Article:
Friday 23 April de 17:30 à 19:15
This event is organised by Black History Walks in conjunction with the Sarah Parker Remond Centre at U.C.L
Black bookshops in 1970/80s Britain were few and far between. Those that did exist were subject to continued racist attacks including firebombing. Spaces where Black people could meet and learn were rare so bookshops were often packed out and people would travel long distances to attend. While in the bookshop, advice would be sought, information shared, change and campaigns initiated at a time when many people did not have their own phone far less a computer.
This one-off series of lectures will interview several of these booksellers/activists. With personal testimony, photos and video clips we will tell this powerful story of resistance by reading and retail.
In the first two sessions (16th and 23rd )we will cover the incredible Walter Rodney bookshop founded by the legendary 90 year old Eric Huntley and his late wife Jessica Huntley. In session three on the 30th April ,we visit Michael La Rose of New Beacon Books, the oldest black bookshop in Britain. We end with the famous Centerprise and Emmanuel Amevor on Wednesday 5th May 6.30pm
We will cover:
- The dangers of selling Black books
- The multi purpose role of the book shop space
- Black business and education
- The fight for premises, how white institutions block Black progress
- The link into self -publishing
- International speakers in odd places
- The Saturday School connection
- Bookshops and political campaigns: Scrap Sus, Racism on the buses, Anti Apartheid, The Grenada revolution, school banding
This is an online event at 6.30pm UK/GMT time. The link will be sent 45 minutes before the start please check your JUNK MAIL . Look out for our new book Black History Walks in London Volume 1 from Jacaranda Books
Other coming events from Black History Walks www.blackhistorywalks.co.uk
- Black History River Cruise
- Anti Racism as Politics with Professor Paul Gilroy
- The Amazing true story of Sarah Parker Remond
- Fibroids and reproductive health: new research from the Caribbean
- Jim Kelly, Kung Fu and Black British Civil Rights
- 1968 Race Relations Act and the legacy of Black Lawyers
- Prince the Black History Breakdown
- Is Britain responsible for America's Race Relations ?
- Coded Bias: Racism disguised in computer programming
- The Gentrification of Peckham and Black Urban removal worldwide
- The British Black Panther Movement
About the Speaker
Eric and Jessica Huntley, pioneering Black political and social activists and radical book publishers born in what then was, British Guiana arrived in England in the 1950’s and wasted no time before becoming active in political and social issues relating to the British African-Caribbean community’s in and around London. For over 50 years the Huntley’s participated in many significant grassroots campaigns. These included:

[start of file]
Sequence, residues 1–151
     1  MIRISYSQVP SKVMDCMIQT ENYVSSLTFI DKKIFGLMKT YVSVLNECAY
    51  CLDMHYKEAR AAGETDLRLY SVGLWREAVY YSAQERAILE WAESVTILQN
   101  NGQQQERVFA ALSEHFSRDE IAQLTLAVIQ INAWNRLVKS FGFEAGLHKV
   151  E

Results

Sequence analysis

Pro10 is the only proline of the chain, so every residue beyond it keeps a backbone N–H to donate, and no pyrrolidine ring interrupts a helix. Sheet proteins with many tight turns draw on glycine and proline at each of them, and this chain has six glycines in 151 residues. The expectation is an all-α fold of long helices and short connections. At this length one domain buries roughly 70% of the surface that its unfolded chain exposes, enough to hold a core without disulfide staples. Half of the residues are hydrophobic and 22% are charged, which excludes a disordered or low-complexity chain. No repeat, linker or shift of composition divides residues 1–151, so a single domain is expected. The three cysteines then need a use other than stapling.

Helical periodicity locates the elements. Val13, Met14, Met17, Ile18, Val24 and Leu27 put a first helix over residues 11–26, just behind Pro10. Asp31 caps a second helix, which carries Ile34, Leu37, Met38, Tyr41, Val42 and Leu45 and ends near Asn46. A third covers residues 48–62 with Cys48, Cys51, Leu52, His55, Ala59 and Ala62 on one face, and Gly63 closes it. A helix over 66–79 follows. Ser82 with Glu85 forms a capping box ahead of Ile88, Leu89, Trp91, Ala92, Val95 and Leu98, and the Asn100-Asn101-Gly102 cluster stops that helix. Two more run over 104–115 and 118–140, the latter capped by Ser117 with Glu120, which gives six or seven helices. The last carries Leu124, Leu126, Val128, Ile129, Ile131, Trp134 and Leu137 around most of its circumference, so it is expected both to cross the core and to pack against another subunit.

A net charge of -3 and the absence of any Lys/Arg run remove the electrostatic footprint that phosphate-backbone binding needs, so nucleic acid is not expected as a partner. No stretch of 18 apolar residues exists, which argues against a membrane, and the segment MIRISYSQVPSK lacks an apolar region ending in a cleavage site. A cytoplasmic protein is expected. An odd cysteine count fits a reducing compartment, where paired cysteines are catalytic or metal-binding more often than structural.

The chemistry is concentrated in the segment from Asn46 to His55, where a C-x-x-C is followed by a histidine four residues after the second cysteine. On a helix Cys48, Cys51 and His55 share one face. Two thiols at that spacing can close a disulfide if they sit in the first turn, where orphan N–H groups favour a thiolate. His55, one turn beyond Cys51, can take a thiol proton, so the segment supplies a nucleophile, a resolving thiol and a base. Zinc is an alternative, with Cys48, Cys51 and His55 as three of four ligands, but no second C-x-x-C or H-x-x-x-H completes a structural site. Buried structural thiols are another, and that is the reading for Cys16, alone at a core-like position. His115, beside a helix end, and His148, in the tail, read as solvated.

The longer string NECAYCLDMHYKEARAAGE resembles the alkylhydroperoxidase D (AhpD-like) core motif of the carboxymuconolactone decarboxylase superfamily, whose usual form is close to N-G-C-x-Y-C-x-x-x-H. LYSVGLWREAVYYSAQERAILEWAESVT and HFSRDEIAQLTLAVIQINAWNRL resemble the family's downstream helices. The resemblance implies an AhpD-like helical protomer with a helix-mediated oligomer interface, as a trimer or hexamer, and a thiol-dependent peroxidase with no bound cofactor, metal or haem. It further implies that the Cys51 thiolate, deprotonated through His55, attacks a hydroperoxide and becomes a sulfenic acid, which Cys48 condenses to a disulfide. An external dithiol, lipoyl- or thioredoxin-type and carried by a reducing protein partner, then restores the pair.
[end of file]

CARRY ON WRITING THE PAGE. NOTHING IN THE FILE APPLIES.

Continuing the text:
• Founder member of the Caribbean Education and Community Workers Association (CECWA), the first specialist Black education group to have been established in the UK.
• The Black Parents Movement (BPM) formed in 1975 following the arrest and assault by Haringey police of a Black schoolboy named Cliff McDaniel outside his school. This organisation built up alliances with similar organisations nationally and internationally going on to participate in campaigns involving political crises in South Africa, Grenada and Guyana.
• Involvement with the Anti-Banding protest movement organised by the North London West Indian Association (NLWIA) that played an important part in challenging Haringey Council’s plans to assess all pupils in its schools using the now discredited IQ tests and to teach children in “bands” according to their performance.
• Organisers of the 1981 Black People’s Day of Action march that attracted 20,000 black Britons from all over the country and was the largest protest march of black people.
• The Supplementary School Movement, created to supplement the shortcomings of an education system that was failing Black children.
• The establishment of Bogle-L’Ouverture Publications, to promote radical Black writing. Bogle-L’Ouverture went on to publish texts by Walter Rodney, Bernard Coard, Lemn Sissay and Valerie Bloom
In 1974 the Huntley’s opened their, Bookshop, at that time called ‘The Bookshop’, in West Ealing, London. The bookshop was later renamed as the ‘Walter Rodney Bookshop’ and quickly became a place of importance for Britain’s Black community. https://www.blackhistorymonth.org.uk/article/gallery/test-diane-julie-abbott-politician/
About the Sarah Parker Remond Centre at U.C.L
The University College London Sarah Parker Remond Centre for the Study of Racism and Racialisation explores the impact of racism - scientific, metaphysical and cultural. Part of the UCL Institute of Advanced Studies, they work closely with many partners on-site to provide a focal point for scholarship, teaching and public engagement activities that are addressed to various problems of racial inequality and hierarchy.